pop_wide <- lapply(unique(pop_df$Year),FUN=function(year){reshape(subset(pop_df,Year==year)[,c('Rep','x','y','NInd')], timevar='Rep', v.names=c('NInd'), idvar=c('x','y'), direction='wide')})
    r_years <- stack(sapply(pop_wide, FUN=function(i){mean(extend(rasterFromXYZ(i),ext))}))
    names(r_years) <- paste0('mean.NInd.',unique(pop_df$Year))
    
    if (!is.null(mask)){
      r_years <- extend(r_years, mask)
      values(r_years)[is.na(values(r_years))] <- 0
      r_years <- mask(r_years, mask)
    }
  }
  return(r_years)
}

Extracting the maps is much easier now:

# Extract maps of single replicate run:
r_years_rep0 <- stack_pop(pop_df, ext, rep=0, mask=UKmap)
names(r_years_rep0)
##  [1] "NInd.0"   "NInd.5"   "NInd.10"  "NInd.15"  "NInd.20"  "NInd.25" 
##  [7] "NInd.30"  "NInd.35"  "NInd.40"  "NInd.45"  "NInd.50"  "NInd.55" 
## [13] "NInd.60"  "NInd.65"  "NInd.70"  "NInd.75"  "NInd.80"  "NInd.85" 
## [19] "NInd.90"  "NInd.95"  "NInd.100"
# Extract maps with averaged abundances over all replicates: 
r_years <- stack_pop(pop_df, ext, mask=UKmap)
names(r_years)
##  [1] "mean.NInd.0"   "mean.NInd.5"   "mean.NInd.10"  "mean.NInd.15" 
##  [5] "mean.NInd.20"  "mean.NInd.25"  "mean.NInd.30"  "mean.NInd.35" 
##  [9] "mean.NInd.40"  "mean.NInd.45"  "mean.NInd.50"  "mean.NInd.55" 
## [13] "mean.NInd.60"  "mean.NInd.65"  "mean.NInd.70"  "mean.NInd.75" 
## [17] "mean.NInd.80"  "mean.NInd.85"  "mean.NInd.90"  "mean.NInd.95" 
## [21] "mean.NInd.100"
# Map abundance of single replicate run in year 90:
levelplot(r_years_rep0[['NInd.90']], margin=F, scales=list(draw=FALSE), at=c(0,seq(1,max(pop_df$NInd),length=20)), col.regions=c('grey',rev(inferno(20)))) +
  layer(sp.polygons(rasterToPolygons(SpDist, dissolve=F), fill=NA, col='red'))

# Map mean abundance in year 90:
levelplot(r_years[['mean.NInd.90']], margin=F, scales=list(draw=FALSE), at=c(0,seq(1,max(pop_df$NInd),length=20)), col.regions=c('grey',rev(inferno(20)))) +
  layer(sp.polygons(rasterToPolygons(SpDist, dissolve=F), fill=NA, col='red'))

2 Change simulations

We can easily change certain aspects of the simulations by changing the various modules. Here, we explore the different simulations as shown in Fig. 2 of Bocedi et al. (2014). Firstly, we add long-distance dispersal. Secondly, we add environmental stochasticity without and with temporal autocorrelation.

2.1 Add rare long-distance dispersal

To explore the effect of rare long-distance dispersal events on the range expansion, we only need to change the dispersal module. More specifically, we define a new transfer sub-module with the option DoubleKernel enabled, to use the double negative exponential kernel (Mixed kernel). This means that in addition to the standard dispersal kernel, an individual has a certain probability of dispersing with a second - a long-distance - dispersal kernel.

# in the dispersal kernel sub-module, the distance parameters are now given as
# Distances = c(MeanDistance-I, MeanDistance-II, probability of dispersing with Kernel-I)
trans_long <- DispersalKernel(DoubleKernel = T, Distances = matrix(c(2000, 10000, 0.99), ncol = 3)) 
## Warning in if (class(object@Distances) != "matrix") {: Bedingung hat Länge > 1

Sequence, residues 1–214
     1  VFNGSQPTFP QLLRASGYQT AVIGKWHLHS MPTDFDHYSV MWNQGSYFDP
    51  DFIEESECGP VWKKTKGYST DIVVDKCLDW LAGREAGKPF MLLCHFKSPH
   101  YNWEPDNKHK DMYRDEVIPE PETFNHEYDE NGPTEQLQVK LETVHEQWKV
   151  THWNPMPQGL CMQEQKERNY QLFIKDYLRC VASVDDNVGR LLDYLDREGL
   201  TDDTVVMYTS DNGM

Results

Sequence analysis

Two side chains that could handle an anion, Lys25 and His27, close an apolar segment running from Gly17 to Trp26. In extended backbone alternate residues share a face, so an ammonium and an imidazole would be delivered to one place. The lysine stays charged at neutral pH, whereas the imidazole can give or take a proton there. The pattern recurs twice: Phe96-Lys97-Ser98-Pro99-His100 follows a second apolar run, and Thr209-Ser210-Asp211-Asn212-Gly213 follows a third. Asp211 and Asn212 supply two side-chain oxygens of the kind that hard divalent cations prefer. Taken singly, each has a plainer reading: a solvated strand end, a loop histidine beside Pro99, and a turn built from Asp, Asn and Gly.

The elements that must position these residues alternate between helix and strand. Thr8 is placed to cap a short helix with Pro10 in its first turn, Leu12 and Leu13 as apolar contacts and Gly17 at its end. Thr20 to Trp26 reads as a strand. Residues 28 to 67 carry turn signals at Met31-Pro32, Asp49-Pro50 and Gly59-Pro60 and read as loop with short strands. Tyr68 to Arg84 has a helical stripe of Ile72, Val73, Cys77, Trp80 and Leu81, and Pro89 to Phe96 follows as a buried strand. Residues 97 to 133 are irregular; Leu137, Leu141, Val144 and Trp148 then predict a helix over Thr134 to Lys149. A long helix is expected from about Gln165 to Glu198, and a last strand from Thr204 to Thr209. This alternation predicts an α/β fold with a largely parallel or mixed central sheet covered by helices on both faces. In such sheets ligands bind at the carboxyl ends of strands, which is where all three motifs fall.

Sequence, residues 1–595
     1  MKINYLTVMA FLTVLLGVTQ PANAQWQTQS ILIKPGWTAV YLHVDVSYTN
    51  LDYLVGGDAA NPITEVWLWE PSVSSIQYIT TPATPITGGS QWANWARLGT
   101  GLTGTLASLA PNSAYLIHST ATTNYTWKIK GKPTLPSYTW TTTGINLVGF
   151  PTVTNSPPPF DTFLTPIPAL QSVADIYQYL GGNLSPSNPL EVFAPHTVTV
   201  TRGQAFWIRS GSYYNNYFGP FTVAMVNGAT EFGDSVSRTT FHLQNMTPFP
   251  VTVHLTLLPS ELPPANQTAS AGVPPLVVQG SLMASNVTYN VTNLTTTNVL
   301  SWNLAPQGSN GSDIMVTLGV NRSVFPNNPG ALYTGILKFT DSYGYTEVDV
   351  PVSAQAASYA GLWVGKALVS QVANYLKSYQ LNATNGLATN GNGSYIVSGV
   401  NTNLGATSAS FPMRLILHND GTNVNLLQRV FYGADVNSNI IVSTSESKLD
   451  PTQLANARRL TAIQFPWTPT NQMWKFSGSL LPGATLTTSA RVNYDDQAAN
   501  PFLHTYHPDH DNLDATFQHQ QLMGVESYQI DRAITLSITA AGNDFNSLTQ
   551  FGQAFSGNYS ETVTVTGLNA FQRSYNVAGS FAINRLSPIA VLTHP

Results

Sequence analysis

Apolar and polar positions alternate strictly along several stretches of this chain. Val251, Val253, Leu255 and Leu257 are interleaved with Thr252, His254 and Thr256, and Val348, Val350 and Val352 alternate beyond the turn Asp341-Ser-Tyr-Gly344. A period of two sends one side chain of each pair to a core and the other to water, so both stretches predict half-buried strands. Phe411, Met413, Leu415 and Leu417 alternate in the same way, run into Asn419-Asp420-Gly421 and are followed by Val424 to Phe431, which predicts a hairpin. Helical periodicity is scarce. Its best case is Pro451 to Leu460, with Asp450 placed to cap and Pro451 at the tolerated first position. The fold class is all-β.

## und nur das erste Element wird benutzt
disp_long <-  Dispersal(Emigration = Emigration(EmigProb = 0.1),
                        Transfer = trans_long,
                        Settlement = Settlement() )
## Warning in if (class(object@Distances) != "matrix") {: Bedingung hat Länge > 1
## und nur das erste Element wird benutzt

Moreover we change the simulation number to 1 in the corresponding parameter object, in order to avoid overwriting the previous output.

sim_1 <- Simulation(Simulation = 1, 
                    Replicates = 20, 
                    Years = 100,
                    OutIntPop = 5,
                    OutIntOcc = 5,
                    OutIntRange = 5)

Finally, the new modules are added to the old parameter master to define a new one, s_long.

s_long <- s + disp_long + sim_1
## Warning in if (class(object@Distances) != "matrix") {: Bedingung hat Länge > 1
## und nur das erste Element wird benutzt

With this, run the new simulation:

RunRS(s_long, dirpath)

We can now compare the result plots. The number of occupied cells as well as the total abundance is much higher in this scenario.

# Get range results
range_df_long <- readRange(s_long, dirpath)

# Plot total abundance and number of occupied cells:
par(mfrow=c(1,2))
plotAbundance(range_df_long)
plotOccupancy(range_df_long)

# Map mean abundance:
pop_df_long <- readPop(s_long, dirpath)
ext_long <- c(min(pop_df_long$x)-500,max(pop_df_long$x)+500,min(pop_df_long$y)-500,max(pop_df_long$y)+500)

r_years_long <- stack_pop(pop_df_long, ext_long, mask=UKmap)

levelplot(r_years_long[['mean.NInd.90']], margin=F, scales=list(draw=FALSE), at=c(0,seq(1,max(pop_df_long$NInd),length=20)), col.regions=c('grey',rev(inferno(20)))) +
  layer(sp.polygons(rasterToPolygons(SpDist, dissolve=F), fill=NA, col='red'))

When comparing the maps of mean abundance between the first and second scenario, these look quite similar. One reason might be that successful long-distance dispersal is highly stochastic and, thus, high occupancy only occurs for a few but not for all runs. So, let’s try and map only the replicate run with the highest occupancy.

# Which replicate had highest occupancy?
head(subset(range_df_long,Year==95)[order(subset(range_df_long,Year==95)$NOccupCells,decreasing=T),])
##     Rep Year RepSeason  NInds NOccupCells Occup.Suit  min_X  max_X min_Y  max_Y
## 419  19   95         0 949724        2841  0.1195460 211000 569000 45000 325000
## 167   7   95         0 895927        2826  0.1189140 211000 569000 45000 295000
## 398  18   95         0 929092        2720  0.1144540 211000 569000 58000 282000
## 335  15   95         0 683409        2665  0.1121400 211000 569000 37000 312000
## 377  17   95         0 759546        2208  0.0929097 185000 569000 45000 279000
## 125   5   95         0 693928        2198  0.0924890 211000 569000 45000 277000
rep_x = subset(range_df_long,Year==95)$Rep[which.max(subset(range_df_long,Year==95)$NOccupCells)]

r_years_long_1 <- stack_pop(pop_df_long, ext_long, rep=rep_x, mask=UKmap)
names(r_years_long_1)
##  [1] "NInd.0"   "NInd.5"   "NInd.10"  "NInd.15"  "NInd.20"  "NInd.25" 
##  [7] "NInd.30"  "NInd.35"  "NInd.40"  "NInd.45"  "NInd.50"  "NInd.55" 
## [13] "NInd.60"  "NInd.65"  "NInd.70"  "NInd.75"  "NInd.80"  "NInd.85"